The Minister will state that the deployment of extra gardaí is a matter for the Garda Commissioner and I accept this view. However, the legitimate application by the chief superintendent in Galway has been ignored. He would not apply for these gardaí if they were not required.
When compared with Garda numbers in similar sized cities, the numbers in Galway are very inadequate. The reply to a parliamentary question on 25 March showed that Limerick, which is similar in size to Galway, has 245 gardaí compared to 132 in Galway. Galway is one of the fastest growing cities in Europe and it has suffered a rise in crime because there are not sufficient gardaí to compensate for the population increase. The city has a population of over 55,000. In addition, there are 12,000 students in the two third level colleges. We are entering the tourist season during which the population will exceed 90,000. There is a need for more gardaí in Galway  city. We need more community gardaí on the beat. I appeal to the Commissioner to accede to the chief superintendent's request for the immediate deployment of the additional 24 gardaí.
With regard to the request for a Garda substation in Newcastle, local Garda management believe that the establishment of a substation would not enhance the Garda service in the area or be cost-effective. They believe that a large amount of personnel would be engaged in public office duty to keep the proposed substation open on a 24-hour basis.
The Minister believes that those members would be better employed on outdoor duties. I accept that gardaí should be deployed outdoors but I do not accept that there is no need for a substation on the vast housing estates to the west of the city. I accept that gardaí would be more usefully used on beat duties.
I recently spent a day in court in Galway on a civil case. During the day there were 30 or 40 uniformed gardaí waiting as witnesses. Some of the cases were not called and the gardaí were simply waiting around. This is a waste of valuable manpower. There is a better way of handling this situation. Perhaps there should be station clerks or one garda who presents evidence in court. It is a terrible waste of manpower if 20, 30 or 40 gardaí are waiting for cases to be called at every Circuit and District Court sitting.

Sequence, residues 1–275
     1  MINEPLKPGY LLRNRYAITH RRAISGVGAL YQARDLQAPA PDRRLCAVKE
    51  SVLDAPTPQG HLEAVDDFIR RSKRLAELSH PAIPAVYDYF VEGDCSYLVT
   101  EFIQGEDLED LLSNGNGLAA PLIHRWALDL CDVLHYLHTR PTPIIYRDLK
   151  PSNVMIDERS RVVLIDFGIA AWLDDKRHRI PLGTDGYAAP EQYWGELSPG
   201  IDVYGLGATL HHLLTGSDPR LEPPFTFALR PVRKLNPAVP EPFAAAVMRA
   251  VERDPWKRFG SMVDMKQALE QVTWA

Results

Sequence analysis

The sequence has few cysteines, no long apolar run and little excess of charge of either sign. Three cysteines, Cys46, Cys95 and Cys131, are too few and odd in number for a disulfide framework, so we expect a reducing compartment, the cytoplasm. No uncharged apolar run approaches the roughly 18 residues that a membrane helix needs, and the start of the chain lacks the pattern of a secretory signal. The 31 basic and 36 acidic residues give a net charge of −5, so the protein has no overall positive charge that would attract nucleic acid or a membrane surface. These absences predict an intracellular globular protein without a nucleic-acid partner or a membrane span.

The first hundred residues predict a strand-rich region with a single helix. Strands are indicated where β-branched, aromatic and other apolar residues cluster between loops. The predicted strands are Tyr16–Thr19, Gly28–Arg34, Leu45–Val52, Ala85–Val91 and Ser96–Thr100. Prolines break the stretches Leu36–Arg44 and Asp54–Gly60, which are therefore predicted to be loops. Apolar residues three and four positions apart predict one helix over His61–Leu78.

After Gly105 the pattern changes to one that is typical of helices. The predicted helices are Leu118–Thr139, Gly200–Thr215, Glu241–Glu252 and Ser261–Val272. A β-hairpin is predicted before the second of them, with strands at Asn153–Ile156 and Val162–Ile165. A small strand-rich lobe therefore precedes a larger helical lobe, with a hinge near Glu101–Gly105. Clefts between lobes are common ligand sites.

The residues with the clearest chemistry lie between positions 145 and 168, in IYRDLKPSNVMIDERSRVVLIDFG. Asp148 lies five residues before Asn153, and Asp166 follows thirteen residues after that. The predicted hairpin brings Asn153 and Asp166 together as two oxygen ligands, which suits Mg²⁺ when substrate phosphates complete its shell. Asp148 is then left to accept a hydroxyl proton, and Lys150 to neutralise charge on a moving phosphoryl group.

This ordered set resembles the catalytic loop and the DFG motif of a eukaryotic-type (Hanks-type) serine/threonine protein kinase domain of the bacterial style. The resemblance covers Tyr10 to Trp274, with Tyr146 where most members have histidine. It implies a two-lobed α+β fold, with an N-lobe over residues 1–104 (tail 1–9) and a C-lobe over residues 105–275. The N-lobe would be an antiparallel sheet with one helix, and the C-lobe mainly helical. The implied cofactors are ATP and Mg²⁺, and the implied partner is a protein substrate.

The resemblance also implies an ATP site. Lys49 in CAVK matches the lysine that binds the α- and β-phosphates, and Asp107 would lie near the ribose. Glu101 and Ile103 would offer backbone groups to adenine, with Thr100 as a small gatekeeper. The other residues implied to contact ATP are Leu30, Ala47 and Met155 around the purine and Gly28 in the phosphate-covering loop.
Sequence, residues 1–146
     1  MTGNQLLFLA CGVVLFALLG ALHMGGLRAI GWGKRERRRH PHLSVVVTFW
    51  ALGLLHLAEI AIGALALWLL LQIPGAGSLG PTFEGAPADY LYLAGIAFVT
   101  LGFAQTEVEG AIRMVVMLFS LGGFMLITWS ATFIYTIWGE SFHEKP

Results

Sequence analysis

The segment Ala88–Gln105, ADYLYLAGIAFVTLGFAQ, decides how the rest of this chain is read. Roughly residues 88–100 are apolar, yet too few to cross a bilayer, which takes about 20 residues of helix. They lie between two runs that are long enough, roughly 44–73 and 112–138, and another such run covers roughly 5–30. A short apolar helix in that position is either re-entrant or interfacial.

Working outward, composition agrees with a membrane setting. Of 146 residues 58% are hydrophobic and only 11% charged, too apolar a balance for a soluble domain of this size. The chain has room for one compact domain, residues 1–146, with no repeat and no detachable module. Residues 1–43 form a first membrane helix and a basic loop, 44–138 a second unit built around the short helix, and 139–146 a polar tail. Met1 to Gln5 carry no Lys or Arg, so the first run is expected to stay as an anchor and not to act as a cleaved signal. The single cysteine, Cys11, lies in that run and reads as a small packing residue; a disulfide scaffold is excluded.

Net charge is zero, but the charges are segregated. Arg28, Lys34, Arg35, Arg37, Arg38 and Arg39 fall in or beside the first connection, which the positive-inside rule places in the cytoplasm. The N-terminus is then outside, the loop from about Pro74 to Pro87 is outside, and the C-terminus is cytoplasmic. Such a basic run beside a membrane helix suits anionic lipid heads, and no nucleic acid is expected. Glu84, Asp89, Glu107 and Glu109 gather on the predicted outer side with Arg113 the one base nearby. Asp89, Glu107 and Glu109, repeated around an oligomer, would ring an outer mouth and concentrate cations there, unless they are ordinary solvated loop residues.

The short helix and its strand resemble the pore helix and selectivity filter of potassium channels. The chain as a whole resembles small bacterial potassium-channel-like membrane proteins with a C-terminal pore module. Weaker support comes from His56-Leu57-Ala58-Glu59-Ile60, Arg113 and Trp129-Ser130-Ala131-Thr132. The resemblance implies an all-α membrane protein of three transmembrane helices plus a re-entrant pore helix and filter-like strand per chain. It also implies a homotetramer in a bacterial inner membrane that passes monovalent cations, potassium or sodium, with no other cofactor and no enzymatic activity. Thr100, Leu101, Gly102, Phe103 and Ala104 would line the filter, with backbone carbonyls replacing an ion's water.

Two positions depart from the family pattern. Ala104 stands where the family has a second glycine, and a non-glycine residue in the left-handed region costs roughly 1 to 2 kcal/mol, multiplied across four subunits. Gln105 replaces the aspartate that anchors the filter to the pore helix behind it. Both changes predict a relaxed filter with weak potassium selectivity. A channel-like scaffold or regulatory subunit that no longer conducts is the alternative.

I appeal to the Minister to introduce more community gardaí. The way to cure crime is to prevent it. If enough gardaí are on the beat crime will be prevented. It is completely inadequate to have one community garda on the vast housing estates west of Galway city. How can one garda patrol such an area? The original concept of rural and urban policing was based on the fact that the garda in the community knew the people and what was going on. This placed him in a position to detect or prevent crime. We should return to that principle of more gardaí on the beat, especially in Galway city.
In the long-term placing gardaí on the beat would be more cost-effective than dealing with the present level of crime or filling prisons and remand centres with criminals. It would also avoid the humiliation for the gardaí and the community of seeing people sentenced for petty crimes back on the streets within a few days of sentencing.
Mr. U. Burke: I welcome this opportunity to contribute to the debate on Second Stage of this Bill. The Bill proposes to introduce strong measures against those who deal in and abuse drugs and, as a result, cause such misery within families and, in particular, to young people. Despite everything that has been said and written,  what is lacking is a comprehensive research programme, similar to those in place in countries where the problem is much more serious, covering every aspect, including the effects of drug abuse and addiction and drug related crime. Yesterday the vast sums spent by Departments on consultancies were published. The Department of Justice, Equality and Law Reform spent least.
There are other Departments and agencies ploughing a lonely furrow. The activities of the Departments of Health and Children, Education and Science and Justice, Equality and Law Reform should be co-ordinated to confront the huge problems in society.